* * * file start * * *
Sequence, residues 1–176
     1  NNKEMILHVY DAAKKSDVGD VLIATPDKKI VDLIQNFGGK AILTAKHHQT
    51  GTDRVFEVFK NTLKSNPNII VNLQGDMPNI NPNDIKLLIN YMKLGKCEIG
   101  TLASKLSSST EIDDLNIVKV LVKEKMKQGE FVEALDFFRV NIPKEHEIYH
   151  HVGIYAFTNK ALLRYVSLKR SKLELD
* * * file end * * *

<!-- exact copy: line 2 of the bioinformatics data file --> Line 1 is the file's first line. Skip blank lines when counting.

     1  NNKEMILHVY DAAKKSDVGD VLIATPDKKI VDLIQNFGGK AILTAKHHQT